Missouri officials will have a tough time selling voters on a statewide sales tax to improve roads.
Constitutional Amendment 7 will be on the Aug. 5 ballot, seeking a 10-year, three-quarter-cent sales tax for transportation. Missouri Gov. Jay Nixon already has come out against it. The sales tax is regressive, hurting low-income people more than others.
But the fuel tax has been generating less revenue because of the fuel efficiency of today’s cars and trucks. The decline in revenue from it is certain to continue.
So state officials are trying to make the transportation sales tax proposal more appealing by planning to fund projects that will have a higher general population appeal. One is to make Interstate 70 at least three lanes wide in both directions from Kansas City to St. Louis.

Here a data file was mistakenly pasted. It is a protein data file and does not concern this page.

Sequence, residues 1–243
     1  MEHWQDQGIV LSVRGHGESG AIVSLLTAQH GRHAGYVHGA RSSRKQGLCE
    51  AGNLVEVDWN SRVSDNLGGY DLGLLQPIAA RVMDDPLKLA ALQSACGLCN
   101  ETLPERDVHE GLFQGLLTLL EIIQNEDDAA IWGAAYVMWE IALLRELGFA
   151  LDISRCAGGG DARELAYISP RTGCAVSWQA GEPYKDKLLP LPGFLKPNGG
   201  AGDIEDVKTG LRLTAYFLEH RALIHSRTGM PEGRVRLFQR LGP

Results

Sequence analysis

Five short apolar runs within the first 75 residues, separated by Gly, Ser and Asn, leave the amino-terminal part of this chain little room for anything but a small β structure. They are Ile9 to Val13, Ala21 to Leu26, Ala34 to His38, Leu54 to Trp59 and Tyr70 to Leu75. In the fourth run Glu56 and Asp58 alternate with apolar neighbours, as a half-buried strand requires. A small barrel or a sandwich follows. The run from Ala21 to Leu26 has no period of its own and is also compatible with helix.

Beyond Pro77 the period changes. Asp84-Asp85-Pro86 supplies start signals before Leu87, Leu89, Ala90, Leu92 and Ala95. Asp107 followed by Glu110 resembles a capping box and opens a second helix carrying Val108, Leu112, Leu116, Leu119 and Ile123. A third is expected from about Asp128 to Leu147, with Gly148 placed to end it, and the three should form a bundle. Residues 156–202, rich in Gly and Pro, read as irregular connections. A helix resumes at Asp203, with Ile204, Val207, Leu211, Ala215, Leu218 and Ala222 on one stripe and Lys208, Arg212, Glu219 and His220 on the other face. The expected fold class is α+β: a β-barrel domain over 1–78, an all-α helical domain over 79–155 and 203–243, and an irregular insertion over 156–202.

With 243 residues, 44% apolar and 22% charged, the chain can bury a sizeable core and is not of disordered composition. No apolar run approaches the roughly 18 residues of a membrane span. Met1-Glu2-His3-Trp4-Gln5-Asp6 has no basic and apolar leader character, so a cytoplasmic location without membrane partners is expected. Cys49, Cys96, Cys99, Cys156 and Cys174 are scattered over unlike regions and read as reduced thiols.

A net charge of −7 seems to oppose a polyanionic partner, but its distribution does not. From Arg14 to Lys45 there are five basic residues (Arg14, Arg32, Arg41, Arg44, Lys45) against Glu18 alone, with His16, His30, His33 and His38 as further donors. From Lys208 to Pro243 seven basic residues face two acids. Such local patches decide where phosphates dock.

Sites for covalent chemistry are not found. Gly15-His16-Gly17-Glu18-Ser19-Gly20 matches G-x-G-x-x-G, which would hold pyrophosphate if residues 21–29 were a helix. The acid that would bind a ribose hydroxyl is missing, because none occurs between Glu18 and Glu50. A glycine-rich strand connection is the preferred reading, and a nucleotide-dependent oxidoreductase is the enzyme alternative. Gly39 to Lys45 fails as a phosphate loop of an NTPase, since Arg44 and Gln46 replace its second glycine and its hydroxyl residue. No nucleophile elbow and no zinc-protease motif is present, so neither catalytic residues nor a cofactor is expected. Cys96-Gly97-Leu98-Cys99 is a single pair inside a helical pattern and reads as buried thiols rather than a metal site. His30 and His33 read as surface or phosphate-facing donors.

That’s attractive for those of us who make that drive often between the state’s two largest cities or to attend Tigers’ games at the University of Missouri-Columbia. The road improvements also will sound good for people who use I-70 to go to the Lake of the Ozarks for fun.
But for everyone else, the I-70 improvements won’t carry much traction. The ballot proposal’s fate will depend on the turnout. If the number of people voting is heavy, it’s doomed.